Blood on the Pulpit: A Story of Foresight
MICHELE NORRIS, host:
David Greenberger travels the country, talking with older people about collecting their stories. Here's one based on a conversation he had in Chattanooga, Tennessee, with Edna Wofford, who knew a bit too much about the future.
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Mr. DAVID GREENBERGER: `I was the seventh child, and I was different than any of the other 10 children my mother had. Now this may seem strange, but it's true. I wouldn't tell you a lie. I could go to bed at night and dream something, and I could see things happen before they happened, and I'd get up and tell them in the morning, and after a while, they got so they didn't want to hear about it. My sisters would say, "Don't you go to sleep. And if you go to sleep, don't tell us nothing in the morning." I could tell them a lot of things around the church, too, that was going to help, and they had quite a bit of respect for me, and they still do at the church that I go to.
`Now I don't have the dreams as often as I did when I was active, 'cause it seemed that I'd get a warning of how it was going to turn out and what was going to happen. I told them here not long ago, one night I was in the bed, and I was dreaming. And I went to church that Sunday. I said to them, "Something's going to happen here this morning that never happened before." And they said, "What?" I said, "I dreamed that I saw some blood on the pulpit." So sure enough, when the preacher preached that Sunday, his nose began to bleed, and he had to be taken out. They all said to me, "Don't dream no more," and then they'd want to know if I did dream, you know, if anything was going to happen.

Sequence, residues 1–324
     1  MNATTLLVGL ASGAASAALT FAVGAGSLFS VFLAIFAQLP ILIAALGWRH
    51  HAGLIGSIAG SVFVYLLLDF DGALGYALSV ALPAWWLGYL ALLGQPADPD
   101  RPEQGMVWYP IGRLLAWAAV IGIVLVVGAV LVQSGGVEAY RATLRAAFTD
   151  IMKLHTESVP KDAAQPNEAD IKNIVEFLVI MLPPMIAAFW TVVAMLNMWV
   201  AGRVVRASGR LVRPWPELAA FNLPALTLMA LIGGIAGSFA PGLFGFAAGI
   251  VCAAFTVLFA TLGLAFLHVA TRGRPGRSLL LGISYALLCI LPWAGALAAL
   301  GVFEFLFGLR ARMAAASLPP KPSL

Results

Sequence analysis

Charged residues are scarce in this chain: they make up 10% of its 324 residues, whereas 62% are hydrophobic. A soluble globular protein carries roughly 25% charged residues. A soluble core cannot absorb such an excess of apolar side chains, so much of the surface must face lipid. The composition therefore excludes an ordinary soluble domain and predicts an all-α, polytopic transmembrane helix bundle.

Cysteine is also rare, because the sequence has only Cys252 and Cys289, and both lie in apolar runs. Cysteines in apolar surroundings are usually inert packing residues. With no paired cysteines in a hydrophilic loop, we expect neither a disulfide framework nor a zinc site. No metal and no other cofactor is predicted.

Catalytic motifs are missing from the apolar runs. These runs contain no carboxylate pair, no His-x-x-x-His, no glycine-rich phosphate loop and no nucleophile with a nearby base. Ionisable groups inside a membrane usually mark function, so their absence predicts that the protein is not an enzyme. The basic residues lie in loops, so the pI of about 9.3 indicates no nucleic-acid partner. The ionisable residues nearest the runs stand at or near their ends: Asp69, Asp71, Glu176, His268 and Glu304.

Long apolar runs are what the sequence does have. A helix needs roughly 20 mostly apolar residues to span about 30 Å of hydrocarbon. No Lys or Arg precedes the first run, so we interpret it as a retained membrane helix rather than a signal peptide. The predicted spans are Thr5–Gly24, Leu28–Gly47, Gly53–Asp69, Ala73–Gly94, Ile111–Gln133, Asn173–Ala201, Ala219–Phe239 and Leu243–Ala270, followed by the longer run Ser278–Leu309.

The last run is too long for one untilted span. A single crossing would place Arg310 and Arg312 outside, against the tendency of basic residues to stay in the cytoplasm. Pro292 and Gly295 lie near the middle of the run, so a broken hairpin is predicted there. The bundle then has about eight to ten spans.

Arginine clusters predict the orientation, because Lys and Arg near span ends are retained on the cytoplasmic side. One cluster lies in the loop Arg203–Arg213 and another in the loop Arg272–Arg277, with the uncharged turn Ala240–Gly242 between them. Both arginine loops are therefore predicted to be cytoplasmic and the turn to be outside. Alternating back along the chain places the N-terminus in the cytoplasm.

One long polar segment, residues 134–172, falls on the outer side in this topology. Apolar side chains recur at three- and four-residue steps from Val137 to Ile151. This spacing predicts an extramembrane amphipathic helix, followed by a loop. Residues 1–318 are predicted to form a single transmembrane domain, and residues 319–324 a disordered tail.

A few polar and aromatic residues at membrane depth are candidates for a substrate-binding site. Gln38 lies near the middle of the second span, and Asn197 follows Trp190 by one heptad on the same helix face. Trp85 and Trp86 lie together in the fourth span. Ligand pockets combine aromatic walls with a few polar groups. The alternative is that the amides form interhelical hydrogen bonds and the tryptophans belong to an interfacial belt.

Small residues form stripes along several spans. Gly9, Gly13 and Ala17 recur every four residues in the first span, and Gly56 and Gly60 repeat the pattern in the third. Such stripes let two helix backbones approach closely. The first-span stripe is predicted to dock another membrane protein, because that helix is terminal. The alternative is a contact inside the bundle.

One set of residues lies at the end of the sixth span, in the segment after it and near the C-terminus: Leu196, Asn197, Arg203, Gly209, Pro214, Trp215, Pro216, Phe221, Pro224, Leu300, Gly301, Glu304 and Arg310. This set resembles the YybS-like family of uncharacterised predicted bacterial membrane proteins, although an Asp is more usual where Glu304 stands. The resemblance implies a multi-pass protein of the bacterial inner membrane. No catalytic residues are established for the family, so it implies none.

`One time I dreamed that something was going to happen in the choir room of the church. I saw this great big old bag of dirty clothes in my dream, and I said, "Something's going to happen here today, and I can't forget." And they said, "Well, don't tell us about it. Don't tell us." I said, "I can't tell you too much about it, because something is going to be unpleasant. It's not going to be pleasant what's going to happen." And sure enough, two ladies got into it back in the choir room about the other lady's husband.
`I just dream so many things that's going to happen to me and my family, the church, my neighbors until now lately. Since I'm not active, I don't have too many dreams. But I see most things before it happens. If I dream anything, I always think about it awhile and wait to see what's going to happen, but I haven't had any bad dreams in a long time. I used to dream good dreams, tell good things that's going to happen, just like the bad, but I can remember the bad things worse, 'cause it always seems to happen around the church, and you just hate to see that.'
NORRIS: David Greenberger relating a story told by Edna Wofford of Chattanooga, Tennessee. A collection of these stories is on Greenberger's CD the "Mayor of Tennessee River." The music is by Shaking Ray Levis.
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SIEGEL: This is NPR, National Public Radio. Transcript provided by NPR, Copyright NPR.